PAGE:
# A calculus of the absurd

#### 9.2 Logarithms

These seem scary at first, but they’re not actually too bad.

A logarithm has a "base", and a "power". When $$\log _a(b)$$ is written, it means "what needs to be raised to the power of $$a$$ to get $$b$$?" For example, $$log_2(8)=3$$, as $$2^3=8$$.

The definition of a logarithm is that $$z=\log _b(w)$$ if and only if $$w=b^{z}$$. From here, we can prove a bunch of facts about the logarithm function.

For example, if we let $$z=\log _b(w)$$ and $$p=\log _b(q)$$ then we can then express $$\log (wq)$$ in terms of $$z$$ and $$p$$.

\begin{equation*} \log (wq) = \log (b^z b^p) \end{equation*}

We can then use one of the law of powers, that $$b^{x}b^{y} = b^{x + y}$$ 6262 This is explored above. to write that

\begin{equation*} \log (b^z b^p) = \log (b^{z+p}) \end{equation*}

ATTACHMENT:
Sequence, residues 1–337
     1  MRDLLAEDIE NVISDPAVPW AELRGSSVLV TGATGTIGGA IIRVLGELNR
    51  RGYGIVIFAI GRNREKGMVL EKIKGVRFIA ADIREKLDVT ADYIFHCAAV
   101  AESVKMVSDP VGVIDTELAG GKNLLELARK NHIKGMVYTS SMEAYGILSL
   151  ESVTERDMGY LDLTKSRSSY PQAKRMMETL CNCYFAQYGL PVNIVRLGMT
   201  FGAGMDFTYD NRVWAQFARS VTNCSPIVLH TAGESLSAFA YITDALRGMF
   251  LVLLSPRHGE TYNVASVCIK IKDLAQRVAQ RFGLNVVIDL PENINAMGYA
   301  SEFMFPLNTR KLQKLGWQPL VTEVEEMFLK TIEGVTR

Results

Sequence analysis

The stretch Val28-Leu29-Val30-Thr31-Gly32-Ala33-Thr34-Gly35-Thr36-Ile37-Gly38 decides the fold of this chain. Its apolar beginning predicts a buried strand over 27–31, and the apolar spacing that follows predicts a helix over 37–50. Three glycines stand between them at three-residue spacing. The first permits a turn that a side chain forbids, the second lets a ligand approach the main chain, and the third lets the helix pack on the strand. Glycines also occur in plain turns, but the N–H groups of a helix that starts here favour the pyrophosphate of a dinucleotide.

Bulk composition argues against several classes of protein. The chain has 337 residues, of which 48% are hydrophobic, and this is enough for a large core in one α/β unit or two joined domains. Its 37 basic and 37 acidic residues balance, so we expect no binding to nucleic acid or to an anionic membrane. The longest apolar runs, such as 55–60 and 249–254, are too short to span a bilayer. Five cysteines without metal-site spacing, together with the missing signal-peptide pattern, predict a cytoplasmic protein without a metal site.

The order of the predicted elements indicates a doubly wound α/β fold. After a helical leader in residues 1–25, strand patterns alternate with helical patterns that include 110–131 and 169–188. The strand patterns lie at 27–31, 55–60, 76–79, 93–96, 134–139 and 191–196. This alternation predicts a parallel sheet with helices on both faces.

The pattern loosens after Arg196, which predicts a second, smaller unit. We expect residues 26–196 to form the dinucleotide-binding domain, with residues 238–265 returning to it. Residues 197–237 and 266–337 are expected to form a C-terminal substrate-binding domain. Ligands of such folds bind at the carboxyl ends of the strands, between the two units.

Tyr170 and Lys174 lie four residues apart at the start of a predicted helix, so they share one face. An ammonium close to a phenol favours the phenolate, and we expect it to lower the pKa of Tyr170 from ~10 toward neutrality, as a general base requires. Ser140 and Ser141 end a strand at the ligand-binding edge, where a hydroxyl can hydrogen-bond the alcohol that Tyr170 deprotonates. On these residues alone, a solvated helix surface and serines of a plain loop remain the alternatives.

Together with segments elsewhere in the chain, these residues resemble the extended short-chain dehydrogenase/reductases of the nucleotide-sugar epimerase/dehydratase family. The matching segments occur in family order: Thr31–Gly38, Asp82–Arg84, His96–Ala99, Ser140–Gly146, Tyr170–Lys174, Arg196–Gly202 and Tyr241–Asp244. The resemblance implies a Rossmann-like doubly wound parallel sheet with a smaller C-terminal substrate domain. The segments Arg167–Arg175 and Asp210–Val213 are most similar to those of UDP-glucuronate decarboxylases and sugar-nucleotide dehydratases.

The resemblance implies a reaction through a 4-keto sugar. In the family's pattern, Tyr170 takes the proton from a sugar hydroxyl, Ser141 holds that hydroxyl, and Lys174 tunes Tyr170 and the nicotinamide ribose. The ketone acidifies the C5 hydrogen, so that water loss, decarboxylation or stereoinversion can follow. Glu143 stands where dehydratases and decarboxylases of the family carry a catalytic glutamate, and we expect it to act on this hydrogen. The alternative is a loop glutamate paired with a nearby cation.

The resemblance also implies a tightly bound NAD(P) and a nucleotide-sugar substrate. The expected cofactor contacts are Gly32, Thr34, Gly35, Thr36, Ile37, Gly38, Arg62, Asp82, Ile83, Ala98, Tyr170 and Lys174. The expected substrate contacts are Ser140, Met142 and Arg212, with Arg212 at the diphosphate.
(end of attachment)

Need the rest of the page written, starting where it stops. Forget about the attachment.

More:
After this, we can use the definition of the $$\log$$ function to simplify the right-hand side of the previous equation.

\begin{equation*} \log (b^{z+p}) = z + p \end{equation*}

And from our earlier definitions of $$z=\log _b(w)$$ and $$p=\log _b(q)$$ we can say that 6363 This is particularly powerful because it means that we can write any multiplication as a sum (and there’s a lot more algebra that can be applied to sums than products).

\begin{align} \label {product to sum log law} \log (wq) &= z + p \notag \\ &= \log _b(w) + \log _b(q) \end{align}